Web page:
What question would you like to answer that no one ever asks?
I feel like I get asked a lot of random questions so I don’t know that I have one I wish people would ask. Instead, I’ll tell you things I don’t like!
- being asked what the next trend will be – it takes so long for a book to get published that writing to a trend is unwise.
- authors giving other books bad reviews. If you don’t like the book, shut your pie hole. This isn’t a competition. Putting someone else’s work down does not reflect well on you. It just makes you look, as best, inconsiderate, at worst, a horrible human being.
- the animosity between indie pubbed and traditionally pubbed authors. Not that everyone buys into that but enough do. Listen folks, there are enough readers to go around. Being published traditionally doesn’t mean that book is better than an indie pubbed book. There are successes and failures on both sides of the spectrum. That is just the nature of publishing. There is a human component to publishing, which means no path is perfect.
- publishing is a numbers driven business. It’s about sales and making money. If an author has poor sales numbers attached to their name, it will be increasingly difficult to get published again. So embrace pen names if that is what it will take.
How do you find new writers?
Mainly through conferences. It is important for me to meet writers, but also to meet other editors and agents. At this point, I get enough submissions that I no longer need to attend writing conferences. But I do because I like to make myself available to writers. I am giving back to the community that has supported me so much over the last ten years.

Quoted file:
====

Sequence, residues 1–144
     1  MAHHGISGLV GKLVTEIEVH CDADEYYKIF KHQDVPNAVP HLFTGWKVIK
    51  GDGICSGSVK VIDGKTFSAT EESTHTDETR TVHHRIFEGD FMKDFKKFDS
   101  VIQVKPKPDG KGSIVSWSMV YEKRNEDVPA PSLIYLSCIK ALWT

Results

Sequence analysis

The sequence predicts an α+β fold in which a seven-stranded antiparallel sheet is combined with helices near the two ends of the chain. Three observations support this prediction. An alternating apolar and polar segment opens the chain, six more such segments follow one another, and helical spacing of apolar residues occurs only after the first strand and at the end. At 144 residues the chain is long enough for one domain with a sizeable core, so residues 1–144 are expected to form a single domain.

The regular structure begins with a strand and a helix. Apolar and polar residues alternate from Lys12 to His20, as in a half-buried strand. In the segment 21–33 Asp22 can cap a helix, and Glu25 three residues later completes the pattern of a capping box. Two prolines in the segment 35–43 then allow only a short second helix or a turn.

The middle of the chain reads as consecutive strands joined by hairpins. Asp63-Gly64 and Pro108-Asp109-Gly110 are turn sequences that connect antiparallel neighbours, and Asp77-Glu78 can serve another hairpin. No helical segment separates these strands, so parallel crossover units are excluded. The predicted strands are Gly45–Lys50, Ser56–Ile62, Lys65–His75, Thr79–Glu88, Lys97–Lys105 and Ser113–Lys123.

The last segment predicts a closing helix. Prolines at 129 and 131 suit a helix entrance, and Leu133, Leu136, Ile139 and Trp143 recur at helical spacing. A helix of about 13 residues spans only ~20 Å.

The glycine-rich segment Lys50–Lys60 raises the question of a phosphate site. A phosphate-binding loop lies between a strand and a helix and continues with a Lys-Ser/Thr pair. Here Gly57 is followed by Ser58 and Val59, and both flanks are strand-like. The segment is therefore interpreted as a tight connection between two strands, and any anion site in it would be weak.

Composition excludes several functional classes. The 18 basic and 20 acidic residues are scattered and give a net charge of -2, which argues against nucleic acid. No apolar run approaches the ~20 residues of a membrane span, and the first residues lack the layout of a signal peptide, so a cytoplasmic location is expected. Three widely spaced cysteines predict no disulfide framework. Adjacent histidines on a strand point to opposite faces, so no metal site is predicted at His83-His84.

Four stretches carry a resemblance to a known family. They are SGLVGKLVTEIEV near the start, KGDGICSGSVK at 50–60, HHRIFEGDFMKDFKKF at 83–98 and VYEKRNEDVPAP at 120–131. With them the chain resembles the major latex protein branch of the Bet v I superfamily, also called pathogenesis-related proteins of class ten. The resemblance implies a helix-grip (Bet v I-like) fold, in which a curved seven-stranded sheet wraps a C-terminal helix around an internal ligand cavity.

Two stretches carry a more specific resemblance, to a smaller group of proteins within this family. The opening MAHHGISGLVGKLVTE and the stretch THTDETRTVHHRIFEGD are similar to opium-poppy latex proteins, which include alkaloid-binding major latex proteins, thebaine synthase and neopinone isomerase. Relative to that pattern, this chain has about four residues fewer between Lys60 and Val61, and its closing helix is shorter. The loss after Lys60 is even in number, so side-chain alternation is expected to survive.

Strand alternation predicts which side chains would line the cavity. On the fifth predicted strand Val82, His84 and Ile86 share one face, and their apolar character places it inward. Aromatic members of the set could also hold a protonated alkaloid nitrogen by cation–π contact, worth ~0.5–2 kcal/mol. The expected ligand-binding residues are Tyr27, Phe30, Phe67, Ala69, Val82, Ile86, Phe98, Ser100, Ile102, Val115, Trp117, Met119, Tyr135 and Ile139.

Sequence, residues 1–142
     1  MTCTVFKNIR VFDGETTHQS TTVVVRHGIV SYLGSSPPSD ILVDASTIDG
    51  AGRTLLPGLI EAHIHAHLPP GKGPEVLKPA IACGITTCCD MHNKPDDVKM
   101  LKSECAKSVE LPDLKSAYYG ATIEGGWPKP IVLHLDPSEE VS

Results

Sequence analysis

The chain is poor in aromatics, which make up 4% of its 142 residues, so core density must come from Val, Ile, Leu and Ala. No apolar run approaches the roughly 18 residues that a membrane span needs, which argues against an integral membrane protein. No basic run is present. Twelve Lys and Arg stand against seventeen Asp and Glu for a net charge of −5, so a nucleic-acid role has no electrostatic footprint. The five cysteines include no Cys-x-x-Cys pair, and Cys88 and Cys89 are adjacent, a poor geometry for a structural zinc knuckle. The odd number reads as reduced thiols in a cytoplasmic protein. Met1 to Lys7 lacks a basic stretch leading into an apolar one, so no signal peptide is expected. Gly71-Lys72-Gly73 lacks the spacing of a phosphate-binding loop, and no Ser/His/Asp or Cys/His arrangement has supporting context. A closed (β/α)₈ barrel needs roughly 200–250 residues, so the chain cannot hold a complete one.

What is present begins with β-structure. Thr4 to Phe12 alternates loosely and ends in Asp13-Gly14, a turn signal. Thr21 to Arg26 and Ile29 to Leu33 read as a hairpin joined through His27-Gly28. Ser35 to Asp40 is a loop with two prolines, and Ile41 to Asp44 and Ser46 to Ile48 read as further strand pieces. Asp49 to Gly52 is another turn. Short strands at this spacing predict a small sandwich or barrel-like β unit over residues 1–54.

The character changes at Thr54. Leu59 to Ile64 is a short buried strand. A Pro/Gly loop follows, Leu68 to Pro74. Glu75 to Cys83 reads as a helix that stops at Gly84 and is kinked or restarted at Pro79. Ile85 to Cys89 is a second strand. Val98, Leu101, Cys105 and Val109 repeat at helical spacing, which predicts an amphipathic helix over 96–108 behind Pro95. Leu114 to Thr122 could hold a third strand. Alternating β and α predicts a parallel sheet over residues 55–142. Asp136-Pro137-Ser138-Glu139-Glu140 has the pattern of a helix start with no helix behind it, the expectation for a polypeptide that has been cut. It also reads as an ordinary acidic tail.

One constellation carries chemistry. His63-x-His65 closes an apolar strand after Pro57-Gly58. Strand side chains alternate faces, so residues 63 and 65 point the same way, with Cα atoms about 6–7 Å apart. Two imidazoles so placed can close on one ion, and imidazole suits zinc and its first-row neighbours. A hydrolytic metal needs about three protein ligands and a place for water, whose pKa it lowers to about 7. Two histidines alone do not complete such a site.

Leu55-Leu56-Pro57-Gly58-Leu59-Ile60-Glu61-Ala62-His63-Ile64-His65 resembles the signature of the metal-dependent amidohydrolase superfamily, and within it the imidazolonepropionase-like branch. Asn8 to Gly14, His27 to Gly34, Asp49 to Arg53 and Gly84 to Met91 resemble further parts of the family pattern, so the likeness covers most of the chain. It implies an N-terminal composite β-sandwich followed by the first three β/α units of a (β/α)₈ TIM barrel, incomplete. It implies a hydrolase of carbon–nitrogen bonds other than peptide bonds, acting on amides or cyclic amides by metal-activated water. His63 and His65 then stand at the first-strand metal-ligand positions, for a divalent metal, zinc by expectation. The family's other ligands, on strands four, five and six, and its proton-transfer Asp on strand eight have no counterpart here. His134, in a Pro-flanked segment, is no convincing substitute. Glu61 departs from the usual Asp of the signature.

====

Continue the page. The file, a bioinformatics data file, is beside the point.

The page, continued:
How do you decide if a book is worth taking on?
There are a couple of things I look at. Primarily … is the voice good, is the story good, and is there a market for it. I can fix a plot. I can even fix, to some extent, the voice. But I can’t change the market. So while we like unique ideas, it can’t be so far out that there are no titles to compare it to.
How many manuscripts do you read all the way through? How many do you start and decline? How many pages/chapters do you give them?
I’m going to answer is reverse order. I read as long as it takes for me to say no/reject a project. That means it could be page one. Or it could be page 200. I start and decline most manuscripts. I probably reject 75% within the first 50 pages. What I read to the end, I usually present to editorial. I don’t have enough data at CLB to say confidently how much does not pass editorial, but a great deal are declined at our editorial staff meeting.
What was your best OH YEAH THIS IS A BESTSELLER moment?
Sometimes you just know when you start a book that there is magic there. There are a handful of books that I knew immediately that I wanted to make an offer.
Terri began her life in books as a bookseller at Kramerbooks in Washington, DC. After moving home to the Midwest, she worked at a feminist bookstore before purchasing and operating Booked for Murder in Madison, WI. She spent 10 years at Midnight Ink as their acquiring editor and published 36-40 books a year. Terri has a wealth of experience and knowledge in both mysteries and in bookselling, particularly as a book buyer and reviewer. Terri’s interests lie in mainstream suspense, thrillers, quirky and humorous cozies, LGBTQIA, and diverse characters/storylines.
Readers … pop in and say hello to Terri! What would you find difficult about being an editor? What would you love about it?